The family’s obsessive fear and paranoia leave them with few resources when the witches steal away infant Sam. Williams, his wife, and their children quickly turn on each other in a brief, sexless orgy of paranoia, recrimination, and hypocrisy. When older daughter Thomasin (Anya Taylor-Joy) gets a chance to sell her soul to the devil for the taste of butter, pretty dresses, and other lascivious pleasures, who can blame her? Flickering candlelight gives her a beauty and color the movie has almost entirely denied her as Satan whispers, “Wouldst thou like to live deliciously?” She and the viewer answer with an enthusiastic affirmative. 

Thomasin is ironically achieving the American dream her dreary father grasped for. He wanted absolute freedom of conscience and fled England to escape from the stifling, dead norms of the old world. Family, church, community — they demand you stifle desires for the good of the group, just like pod people always do. Thomasin, nude, blood-spattered, ecstatically laughing as she floats into the trees in the film’s final dramatic shot, has escaped that hivebound gravity. She becomes her truest self through an exercise of individualist, American will — like Ben Franklin, if he were a self-made demon rather than a self-made businessman. 

Does Thomasin really make herself over, though? When the Devil asks her to sign the book, she has to admit she doesn’t know how to write her name. “I will guide your hand,” he says in that rich, velvety voice. But if he’s the one manipulating Thomasin here, might he not have been manipulating her throughout? It’s only because witches steal away infant Sam, curse Caleb, and, it is implied, spoil the harvest, that Thomasin’s family falls apart. The film is a plot against Thomasin; the director is Satan himself, leading her to damnation. Thomasin has little more choice than her siblings, who, it is intimated, are stolen away by the witches to be boiled down for their fat. American freedom is a trick the Devil plays to convince you to crawl into his mouth.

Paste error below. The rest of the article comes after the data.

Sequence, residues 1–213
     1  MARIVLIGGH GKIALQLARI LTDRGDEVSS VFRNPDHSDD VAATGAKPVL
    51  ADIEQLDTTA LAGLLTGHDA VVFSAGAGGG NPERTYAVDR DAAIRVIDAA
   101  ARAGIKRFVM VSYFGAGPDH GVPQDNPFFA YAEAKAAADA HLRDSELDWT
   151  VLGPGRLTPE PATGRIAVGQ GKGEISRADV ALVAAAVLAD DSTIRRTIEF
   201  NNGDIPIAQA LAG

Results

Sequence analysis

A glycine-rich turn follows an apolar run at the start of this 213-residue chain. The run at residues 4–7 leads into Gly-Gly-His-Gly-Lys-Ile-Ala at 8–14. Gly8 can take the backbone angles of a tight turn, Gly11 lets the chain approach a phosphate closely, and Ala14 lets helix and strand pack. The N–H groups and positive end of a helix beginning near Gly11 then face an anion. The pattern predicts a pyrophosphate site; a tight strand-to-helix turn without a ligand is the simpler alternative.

Invasion of the Body Snatchers is also not quite so emblematic of virtuous American independence as it seems at first. After all, the whole point of the movie is that the pod people are us; we’re one and the same. When the good folks of Santa Mira — the cop, the psychiatrist, the housewives — all chase after Miles and his girlfriend Becky Driscoll (Dana Wynter), it looks eerily like a witch-hunt. And the targets of witch-hunts in America and Hollywood in the 1950s were not capitalists, but Communists. 

In the name of freedom, those Communists were persecuted and hounded for refusing to bow to community norms. In the film’s conclusion, Miles contacts the authorities, and the weight of U.S. military and logistical power is poised to sweep down on the pods. A story supposedly about communists assimilating Americans ends up as a story about Americans exterminating communists. All the aliens will be destroyed for the cardinal sin: refusing to embrace the communal value of individualism. 

Americans love liberty. It’s such a core value that those who do not hold it are viewed with suspicion. You must be an individual or face the consequences of communal loathing. As a result, the ecstatic Dionysiac abandonment of the witches and the satisfied emotionless calm of the pod people start to look much the same. When you watch Body Snatchers and The Witch together, the horror isn’t individuality. Nor is it the obliteration of individuality. It’s that you can’t tell the two apart.


<The views and opinions expressed in this article are the author's, and do not necessarily reflect those of SYFY WIRE, SYFY, or NBCUniversal.